Applying these real-world techniques, she got strong, courageous, determined, persevering and flexible in order to stop bullies of all types – controllers, critics, exploders, pushy perfectionists, prying questioners, emotional intimidators, smiling manipulators, relentless arguers and more
Grace learned that, “History is not destiny.” Using the step-by-step instructions presented here, Grace changed her mind-set and built her courage, character and skill.
My advice: Don't be a victim waiting forever for other people to grow up or change. Don’t accept bullies’ reasons, justifications and excuses. Don’t suffer in silence. Use your own power. Say “That’s enough!” Say “No!”
One of the typical tactics of sly, sneaky, stealthy, manipulative bullies is to work in the dark; to not be seen to be bullies. Then, when a light is shined on their abusive behavior, they claim that they were just having fun; that they were just kidding around; that they didn’t know their target was offended, hurt or minded their attacks.
This tactic is used at home by bullying, toxic spouses, parents or children, and by bullies and their cliques in schools and at work.
In order to stop these bullies you must protest; you must say “No!”
Often, people decide to ignore the bullying. These targets (on their way to becoming victims):
But what if the bullying doesn’t stop? Usually, determined, relentless bullies are only encouraged by lack of resistance. They see a non-resisting target as holding up a “victim” sign and they escalate. They can’t understand the moral impetus behind such kindness. They’re bullies. They interpret our lack of push-back as fear and weakness, no matter how we interpret it. They’re encouraged to organize cliques to demean, mock, attack and hurt us more.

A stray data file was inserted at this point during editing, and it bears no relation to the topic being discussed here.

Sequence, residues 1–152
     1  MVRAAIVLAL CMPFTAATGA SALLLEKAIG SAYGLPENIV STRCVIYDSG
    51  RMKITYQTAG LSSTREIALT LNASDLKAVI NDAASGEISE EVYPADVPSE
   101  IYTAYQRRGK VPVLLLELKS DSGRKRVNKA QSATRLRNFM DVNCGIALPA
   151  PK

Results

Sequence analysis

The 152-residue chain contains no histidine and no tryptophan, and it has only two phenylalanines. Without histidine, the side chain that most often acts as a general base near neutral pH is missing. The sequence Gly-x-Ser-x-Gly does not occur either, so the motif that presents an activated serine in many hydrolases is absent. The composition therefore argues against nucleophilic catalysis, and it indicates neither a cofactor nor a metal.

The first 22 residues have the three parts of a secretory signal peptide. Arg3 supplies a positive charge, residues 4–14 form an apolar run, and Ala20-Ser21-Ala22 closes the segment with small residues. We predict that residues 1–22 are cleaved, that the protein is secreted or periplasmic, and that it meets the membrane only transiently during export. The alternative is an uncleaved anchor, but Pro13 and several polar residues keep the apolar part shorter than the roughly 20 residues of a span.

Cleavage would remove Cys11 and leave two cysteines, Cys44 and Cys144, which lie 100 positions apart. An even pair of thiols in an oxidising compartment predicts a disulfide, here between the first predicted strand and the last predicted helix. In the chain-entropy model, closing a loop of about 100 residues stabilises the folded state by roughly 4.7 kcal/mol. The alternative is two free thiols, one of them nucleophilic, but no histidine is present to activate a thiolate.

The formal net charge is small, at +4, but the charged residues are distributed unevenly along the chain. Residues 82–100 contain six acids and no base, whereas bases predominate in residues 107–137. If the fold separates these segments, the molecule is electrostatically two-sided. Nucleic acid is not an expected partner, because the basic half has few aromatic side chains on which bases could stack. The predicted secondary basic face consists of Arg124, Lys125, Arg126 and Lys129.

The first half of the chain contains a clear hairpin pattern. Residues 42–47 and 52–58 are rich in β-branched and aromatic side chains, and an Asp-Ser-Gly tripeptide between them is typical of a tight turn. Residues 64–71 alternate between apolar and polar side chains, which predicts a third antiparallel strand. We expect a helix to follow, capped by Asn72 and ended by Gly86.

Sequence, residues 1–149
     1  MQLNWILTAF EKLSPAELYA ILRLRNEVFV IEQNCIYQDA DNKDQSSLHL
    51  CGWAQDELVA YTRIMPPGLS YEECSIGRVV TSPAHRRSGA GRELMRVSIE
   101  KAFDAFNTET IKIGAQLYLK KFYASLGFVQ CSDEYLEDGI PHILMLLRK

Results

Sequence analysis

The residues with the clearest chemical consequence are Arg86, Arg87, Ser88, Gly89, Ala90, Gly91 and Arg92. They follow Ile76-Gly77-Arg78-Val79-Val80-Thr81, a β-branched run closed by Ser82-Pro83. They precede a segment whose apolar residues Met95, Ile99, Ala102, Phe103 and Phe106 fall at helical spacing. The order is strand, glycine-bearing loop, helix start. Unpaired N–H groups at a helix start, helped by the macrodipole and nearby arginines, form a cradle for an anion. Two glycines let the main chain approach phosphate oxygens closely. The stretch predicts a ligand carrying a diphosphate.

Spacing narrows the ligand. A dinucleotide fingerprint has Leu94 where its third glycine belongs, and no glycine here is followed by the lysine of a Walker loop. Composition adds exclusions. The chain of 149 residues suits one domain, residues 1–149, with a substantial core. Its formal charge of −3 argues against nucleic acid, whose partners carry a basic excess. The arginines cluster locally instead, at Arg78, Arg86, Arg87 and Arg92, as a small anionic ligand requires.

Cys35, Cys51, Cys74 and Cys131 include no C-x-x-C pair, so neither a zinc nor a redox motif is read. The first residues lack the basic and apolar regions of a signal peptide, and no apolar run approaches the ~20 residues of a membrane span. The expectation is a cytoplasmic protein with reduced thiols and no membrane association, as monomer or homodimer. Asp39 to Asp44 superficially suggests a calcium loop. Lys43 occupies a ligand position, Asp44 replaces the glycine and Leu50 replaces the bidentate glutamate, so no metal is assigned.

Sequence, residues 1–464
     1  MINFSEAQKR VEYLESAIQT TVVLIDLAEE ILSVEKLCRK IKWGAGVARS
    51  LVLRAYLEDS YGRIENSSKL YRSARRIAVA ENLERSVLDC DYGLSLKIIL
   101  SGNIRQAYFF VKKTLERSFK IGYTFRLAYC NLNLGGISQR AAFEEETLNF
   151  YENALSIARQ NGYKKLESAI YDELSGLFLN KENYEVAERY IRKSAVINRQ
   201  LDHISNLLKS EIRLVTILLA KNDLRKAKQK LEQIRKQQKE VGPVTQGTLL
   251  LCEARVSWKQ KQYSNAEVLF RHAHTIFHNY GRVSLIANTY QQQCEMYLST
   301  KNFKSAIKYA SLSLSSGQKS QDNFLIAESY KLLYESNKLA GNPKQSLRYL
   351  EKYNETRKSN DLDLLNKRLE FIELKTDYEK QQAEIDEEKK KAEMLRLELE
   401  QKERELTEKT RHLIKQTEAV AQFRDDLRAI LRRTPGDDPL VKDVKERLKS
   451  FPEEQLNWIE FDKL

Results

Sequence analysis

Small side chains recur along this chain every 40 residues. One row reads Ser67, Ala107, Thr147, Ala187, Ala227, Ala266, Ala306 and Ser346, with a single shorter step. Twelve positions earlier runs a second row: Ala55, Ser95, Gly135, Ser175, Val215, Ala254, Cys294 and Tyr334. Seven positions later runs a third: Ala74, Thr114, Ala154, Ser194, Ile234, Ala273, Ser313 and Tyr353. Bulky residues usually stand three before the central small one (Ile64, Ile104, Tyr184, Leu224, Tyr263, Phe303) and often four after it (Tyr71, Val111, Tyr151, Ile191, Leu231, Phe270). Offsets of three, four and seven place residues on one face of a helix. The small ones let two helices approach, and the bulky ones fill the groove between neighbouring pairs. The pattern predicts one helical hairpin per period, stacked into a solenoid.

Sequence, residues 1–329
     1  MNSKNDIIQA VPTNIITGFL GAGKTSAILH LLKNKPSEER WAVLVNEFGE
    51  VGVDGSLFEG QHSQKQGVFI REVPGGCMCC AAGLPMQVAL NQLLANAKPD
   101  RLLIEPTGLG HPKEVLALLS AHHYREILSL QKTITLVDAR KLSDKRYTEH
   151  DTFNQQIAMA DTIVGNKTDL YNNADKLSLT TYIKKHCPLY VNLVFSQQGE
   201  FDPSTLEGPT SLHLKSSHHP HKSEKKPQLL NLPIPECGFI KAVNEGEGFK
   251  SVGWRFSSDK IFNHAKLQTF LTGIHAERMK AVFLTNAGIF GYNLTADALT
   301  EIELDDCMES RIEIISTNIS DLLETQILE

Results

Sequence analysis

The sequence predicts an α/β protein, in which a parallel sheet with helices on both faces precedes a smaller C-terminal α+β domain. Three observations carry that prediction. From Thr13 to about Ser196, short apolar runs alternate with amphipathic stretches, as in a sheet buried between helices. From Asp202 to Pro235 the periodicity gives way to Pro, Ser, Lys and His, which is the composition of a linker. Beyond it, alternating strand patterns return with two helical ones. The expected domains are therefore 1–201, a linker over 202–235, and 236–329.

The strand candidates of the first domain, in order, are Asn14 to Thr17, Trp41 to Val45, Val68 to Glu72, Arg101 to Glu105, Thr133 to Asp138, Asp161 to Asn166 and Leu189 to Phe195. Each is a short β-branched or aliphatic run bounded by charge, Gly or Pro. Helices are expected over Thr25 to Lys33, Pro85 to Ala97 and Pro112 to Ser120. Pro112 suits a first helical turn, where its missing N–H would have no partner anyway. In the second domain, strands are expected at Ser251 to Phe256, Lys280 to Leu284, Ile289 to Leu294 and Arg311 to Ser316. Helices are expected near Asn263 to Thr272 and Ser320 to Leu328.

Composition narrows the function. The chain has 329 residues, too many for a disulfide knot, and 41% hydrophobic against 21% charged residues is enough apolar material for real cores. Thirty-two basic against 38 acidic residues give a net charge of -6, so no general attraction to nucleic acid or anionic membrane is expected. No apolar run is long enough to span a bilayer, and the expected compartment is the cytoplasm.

Other people assume that if we’re not protesting, we must know we’re in the wrong; we must deserve the treatment we’re getting. Our society saw that phenomenon when women didn’t cry “rape!”
But, if we protest, won’t the bullying get worse?
Maybe or maybe not. Remember, what happened we tried the test of not protesting? When we didn’t protest, the harassment, abuse and bullying got worse. So we might as well learn to protest effectively; the first step of which is creating records and documentation.